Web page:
Cromer never really takes us away from Mary-Louise Parker for long. She is clothed in academic drab, her hair pulled back behind her ears into a downward sliding ponytail. Her costume by David Hyman suits a much younger woman, a college student rather than a teacher, and yet it helps to define a woman whose life has been devoted to things other than her body, sex, love or relationships of any kind. Bella is a woman whose single-minded devotion is to herself. Everything that happens to her in this play, including Christopher’s self-revelatory monologues and accusations, is what she deserves, so it’s what she gets. As her story progresses, Bella, as played by Parker, becomes less and less sympathetic and more to be pitied than censured.
Pity is a pitiable state. Parker’s Bella is better at telling her own story than she is at living it. What we feel for her is more fascination than empathy. Cromer’s use of isolation brings Bella into a world that has never truly existed, one of total alienation. We may think she is talking to us, her unseen but clearly perceived audience, but she is fulfilling a personal need, relating her history to herself in order to get a real handle on how things might have been done better to achieve her needs.
About five minutes before the play begins, sounds start to invade the theater — sounds of birds, guttural voicings, other things. They are quiet and subtle and non-intrusive but ultimately we realize that these are not unique noises, but part of the tapestry of this play. Daniel Kluger is responsible for the music and sound design. Video expressions are the work of Aaron Rhyne. The set changes are out of the Japanese theater style and they are not intrusive in the least and presumably created by the stage manager Dane Urban.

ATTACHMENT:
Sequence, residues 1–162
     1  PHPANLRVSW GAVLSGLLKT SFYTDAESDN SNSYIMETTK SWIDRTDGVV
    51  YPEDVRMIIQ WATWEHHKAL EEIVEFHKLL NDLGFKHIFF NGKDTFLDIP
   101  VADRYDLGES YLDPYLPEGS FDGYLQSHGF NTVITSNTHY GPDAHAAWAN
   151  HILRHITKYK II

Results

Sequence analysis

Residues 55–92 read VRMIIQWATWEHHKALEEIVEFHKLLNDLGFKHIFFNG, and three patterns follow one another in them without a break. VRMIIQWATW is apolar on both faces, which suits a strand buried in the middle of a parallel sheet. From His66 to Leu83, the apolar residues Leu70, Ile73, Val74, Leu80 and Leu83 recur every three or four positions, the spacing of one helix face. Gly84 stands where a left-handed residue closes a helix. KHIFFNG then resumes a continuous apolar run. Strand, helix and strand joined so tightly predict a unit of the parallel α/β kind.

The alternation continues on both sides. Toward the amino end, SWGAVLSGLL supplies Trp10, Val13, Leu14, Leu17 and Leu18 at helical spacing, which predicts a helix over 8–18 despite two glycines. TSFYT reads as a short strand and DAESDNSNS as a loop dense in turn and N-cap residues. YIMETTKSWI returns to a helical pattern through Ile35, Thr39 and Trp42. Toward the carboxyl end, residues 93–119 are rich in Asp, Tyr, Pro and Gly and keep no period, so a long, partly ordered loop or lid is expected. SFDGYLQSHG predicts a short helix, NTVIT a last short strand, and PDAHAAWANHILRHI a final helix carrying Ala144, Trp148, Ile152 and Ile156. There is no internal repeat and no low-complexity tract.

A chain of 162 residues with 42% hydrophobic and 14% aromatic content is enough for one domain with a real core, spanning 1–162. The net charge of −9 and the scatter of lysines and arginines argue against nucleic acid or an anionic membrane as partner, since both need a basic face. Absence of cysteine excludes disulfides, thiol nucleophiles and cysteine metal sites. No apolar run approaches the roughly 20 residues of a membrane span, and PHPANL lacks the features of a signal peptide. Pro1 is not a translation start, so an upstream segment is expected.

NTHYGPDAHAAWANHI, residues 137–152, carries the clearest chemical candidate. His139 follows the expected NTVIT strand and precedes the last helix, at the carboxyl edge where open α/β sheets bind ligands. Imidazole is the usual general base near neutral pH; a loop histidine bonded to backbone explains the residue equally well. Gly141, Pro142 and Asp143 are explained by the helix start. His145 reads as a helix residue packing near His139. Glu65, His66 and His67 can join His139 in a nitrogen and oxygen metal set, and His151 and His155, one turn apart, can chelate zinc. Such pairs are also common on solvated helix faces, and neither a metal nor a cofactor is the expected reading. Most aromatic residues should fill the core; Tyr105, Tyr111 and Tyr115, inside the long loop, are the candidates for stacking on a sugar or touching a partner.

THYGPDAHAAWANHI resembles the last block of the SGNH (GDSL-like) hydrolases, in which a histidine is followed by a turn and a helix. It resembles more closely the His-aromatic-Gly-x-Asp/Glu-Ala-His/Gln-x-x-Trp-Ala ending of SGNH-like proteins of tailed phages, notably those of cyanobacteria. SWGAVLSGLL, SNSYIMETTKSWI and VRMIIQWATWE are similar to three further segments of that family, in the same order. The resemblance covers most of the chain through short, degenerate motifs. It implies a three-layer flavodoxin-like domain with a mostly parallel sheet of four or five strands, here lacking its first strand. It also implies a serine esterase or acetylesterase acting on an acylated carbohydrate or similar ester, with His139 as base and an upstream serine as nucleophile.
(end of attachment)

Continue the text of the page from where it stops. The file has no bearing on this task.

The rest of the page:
“The Sound Inside” could easily have been called “The Silence Inside,” for both exist in this play. A strange experience and probably not to everyone’s taste, it is an extreme display of negative energy utilized in a positive fashion. Depression is at the core of the work but it is never really depressing; instead, it is numbing. I am glad I saw it at a matinee, for moving from this theater into a gloomy night atmosphere could have been overwhelming. This is a one-of-a-kind theater experience, one you won’t forget easily.
The Sound Inside plays on the Nikos Stage at the ’62 Center for Theatre and Dance, 1000 Main St., Williamstown, MA through Sunday, July 8. For information and tickets, see the Berkshire Edge calendar, go online to wtfestival.org or call the box office at (413) 458-3253.